The earlier Craig Raine, up to a third of the way through his collected poems, is an unpretentious and delightful composer of elegant riddles in verse. He has a fresh vision, an affectation of adolescence, which is very perfect of its kind, and notably free of any overt will to transcendence – rough beasts do not slouch towards Bethlehem – and almost nowhere does he betray any hesitant and guilty desire for unearthly intensity of significance. – No Blakean arrows of desire fall somewhere off stage left as a mysteriously redeeming renewal.

The need for high significance and supernatural redemption never arises. The world as observed is good enough. We know from his general study of poetry, My Grandmothers Glass Eye, that he is against any extravagant sort of claim for poetic value, whether brazen or skulking, and, surprisingly, his writing is in practise consistent with that position. The self-portrait, at the end of Grandmother's Glass Eye, as a little bird singing hopelessly but courageously against the cacophony of the megalopolitan traffic, is more than a little damp, it is true, but it is not overweening. Self-pitying, a little; but a long way short of a Christ complex; and what can appear to be conceit can be defended as vivacity, animal spirits (that part of the adolescence is quite unaffected), for he has an evident and to degree winning delight in his own manifest gifts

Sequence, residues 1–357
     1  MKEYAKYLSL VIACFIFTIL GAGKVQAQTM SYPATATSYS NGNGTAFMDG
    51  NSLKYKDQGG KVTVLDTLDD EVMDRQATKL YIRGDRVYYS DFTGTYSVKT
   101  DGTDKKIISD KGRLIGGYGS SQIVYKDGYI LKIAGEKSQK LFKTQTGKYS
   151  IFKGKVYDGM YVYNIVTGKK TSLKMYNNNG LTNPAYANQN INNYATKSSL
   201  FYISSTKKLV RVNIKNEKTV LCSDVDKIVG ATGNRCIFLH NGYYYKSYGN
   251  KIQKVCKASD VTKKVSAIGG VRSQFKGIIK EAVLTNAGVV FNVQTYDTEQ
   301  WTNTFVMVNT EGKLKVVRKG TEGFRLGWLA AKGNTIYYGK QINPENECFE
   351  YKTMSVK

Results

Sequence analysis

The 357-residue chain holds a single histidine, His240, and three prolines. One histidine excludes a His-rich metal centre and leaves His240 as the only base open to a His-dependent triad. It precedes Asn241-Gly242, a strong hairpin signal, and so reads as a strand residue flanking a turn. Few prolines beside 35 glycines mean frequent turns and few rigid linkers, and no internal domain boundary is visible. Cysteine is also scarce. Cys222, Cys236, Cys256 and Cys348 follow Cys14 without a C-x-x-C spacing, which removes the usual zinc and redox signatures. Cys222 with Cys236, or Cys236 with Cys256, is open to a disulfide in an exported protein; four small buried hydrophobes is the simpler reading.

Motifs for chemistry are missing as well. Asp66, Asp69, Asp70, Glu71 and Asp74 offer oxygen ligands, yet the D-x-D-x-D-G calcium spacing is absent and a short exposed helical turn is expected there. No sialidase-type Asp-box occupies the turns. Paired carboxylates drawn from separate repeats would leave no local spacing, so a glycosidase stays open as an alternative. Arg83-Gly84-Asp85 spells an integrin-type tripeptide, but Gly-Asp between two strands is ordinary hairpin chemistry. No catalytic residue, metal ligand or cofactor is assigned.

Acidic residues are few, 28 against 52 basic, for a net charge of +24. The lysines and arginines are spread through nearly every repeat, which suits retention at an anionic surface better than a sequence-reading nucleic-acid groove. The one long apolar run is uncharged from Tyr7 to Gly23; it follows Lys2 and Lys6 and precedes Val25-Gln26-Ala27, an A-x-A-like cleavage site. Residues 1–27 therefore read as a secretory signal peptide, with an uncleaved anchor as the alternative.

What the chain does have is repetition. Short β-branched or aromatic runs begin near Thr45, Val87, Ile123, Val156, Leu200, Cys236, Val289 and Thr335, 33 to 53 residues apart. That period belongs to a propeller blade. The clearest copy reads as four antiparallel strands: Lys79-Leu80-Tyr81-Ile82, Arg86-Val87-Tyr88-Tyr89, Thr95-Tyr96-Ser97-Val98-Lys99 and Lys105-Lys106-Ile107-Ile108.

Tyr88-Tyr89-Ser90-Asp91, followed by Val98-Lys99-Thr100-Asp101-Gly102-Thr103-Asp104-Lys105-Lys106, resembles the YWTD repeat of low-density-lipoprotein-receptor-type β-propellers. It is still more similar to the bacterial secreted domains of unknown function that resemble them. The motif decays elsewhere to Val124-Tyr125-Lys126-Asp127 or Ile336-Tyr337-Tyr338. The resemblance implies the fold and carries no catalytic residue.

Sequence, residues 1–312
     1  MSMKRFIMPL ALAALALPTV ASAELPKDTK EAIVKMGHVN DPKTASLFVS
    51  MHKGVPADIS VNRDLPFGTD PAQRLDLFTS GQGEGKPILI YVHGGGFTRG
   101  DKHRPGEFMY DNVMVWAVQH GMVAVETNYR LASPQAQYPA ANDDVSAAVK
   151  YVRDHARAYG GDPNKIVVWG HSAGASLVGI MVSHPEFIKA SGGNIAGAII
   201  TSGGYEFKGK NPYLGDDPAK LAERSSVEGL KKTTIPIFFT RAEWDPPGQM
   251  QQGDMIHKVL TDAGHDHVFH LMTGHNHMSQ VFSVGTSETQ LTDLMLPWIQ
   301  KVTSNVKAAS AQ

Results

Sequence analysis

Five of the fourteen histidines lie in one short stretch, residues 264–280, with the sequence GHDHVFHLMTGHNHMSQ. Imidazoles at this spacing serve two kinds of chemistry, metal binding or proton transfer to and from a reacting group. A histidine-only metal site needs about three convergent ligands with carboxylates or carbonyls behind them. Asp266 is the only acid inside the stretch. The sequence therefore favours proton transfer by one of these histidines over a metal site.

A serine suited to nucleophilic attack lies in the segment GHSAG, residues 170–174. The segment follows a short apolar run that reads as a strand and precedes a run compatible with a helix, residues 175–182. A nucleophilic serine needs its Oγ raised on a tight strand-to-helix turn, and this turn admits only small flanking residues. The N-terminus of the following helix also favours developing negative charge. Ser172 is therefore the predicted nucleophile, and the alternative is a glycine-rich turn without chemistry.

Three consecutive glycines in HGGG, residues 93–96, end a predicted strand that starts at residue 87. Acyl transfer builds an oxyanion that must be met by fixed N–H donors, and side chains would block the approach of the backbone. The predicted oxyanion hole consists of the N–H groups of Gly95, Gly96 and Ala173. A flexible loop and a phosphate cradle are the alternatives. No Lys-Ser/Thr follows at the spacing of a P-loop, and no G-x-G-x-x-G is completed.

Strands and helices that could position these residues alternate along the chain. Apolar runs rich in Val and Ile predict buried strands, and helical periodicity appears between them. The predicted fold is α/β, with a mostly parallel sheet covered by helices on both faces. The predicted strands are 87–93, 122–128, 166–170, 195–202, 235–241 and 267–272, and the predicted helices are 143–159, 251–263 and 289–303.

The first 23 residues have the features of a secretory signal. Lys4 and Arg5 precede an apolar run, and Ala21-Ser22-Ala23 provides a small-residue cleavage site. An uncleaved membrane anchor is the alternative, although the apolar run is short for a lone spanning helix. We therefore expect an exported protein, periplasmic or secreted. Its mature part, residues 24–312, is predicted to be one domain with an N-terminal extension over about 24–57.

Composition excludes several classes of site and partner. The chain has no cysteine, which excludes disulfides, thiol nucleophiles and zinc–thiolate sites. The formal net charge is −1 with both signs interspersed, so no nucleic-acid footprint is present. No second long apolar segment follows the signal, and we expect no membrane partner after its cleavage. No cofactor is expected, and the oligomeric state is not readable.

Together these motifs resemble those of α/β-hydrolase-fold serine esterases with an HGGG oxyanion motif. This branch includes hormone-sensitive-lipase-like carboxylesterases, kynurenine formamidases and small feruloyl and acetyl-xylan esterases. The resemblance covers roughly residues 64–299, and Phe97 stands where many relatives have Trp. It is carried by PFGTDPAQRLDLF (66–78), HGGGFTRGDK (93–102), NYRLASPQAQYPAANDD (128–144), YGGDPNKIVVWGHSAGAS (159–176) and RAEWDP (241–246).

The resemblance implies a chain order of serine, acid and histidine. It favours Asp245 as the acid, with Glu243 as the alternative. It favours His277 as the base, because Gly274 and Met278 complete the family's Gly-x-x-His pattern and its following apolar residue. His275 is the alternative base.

Readers of his critical prose will think modest an odd word to use of him, but of the poems it is perfectly just. Instead of undetermined vistas and visions – avenues, dark, nameless and without end – he delights in the superficial and the precise, and mostly in the pictorial, without any hankering after universal or final judgment. There is, as a result, much to like; the visual and sometimes tactile ingenuity is both admirable and delightful, a rare achievement in a verbal art, and the verses are nearly always aurally pleasing (he is proud of his ear, and with some reason).

Perhaps best of all, his poems do not slyly induce moral frustration as a means of establishing the writer’s own superiority without taking on the burden of defining and defending that virtue. Indeed, half Raine’s distinction, at least in the early poems, lies in refusing this fatally attractive opportunity while still engaging closely with what he sees, hears and touches.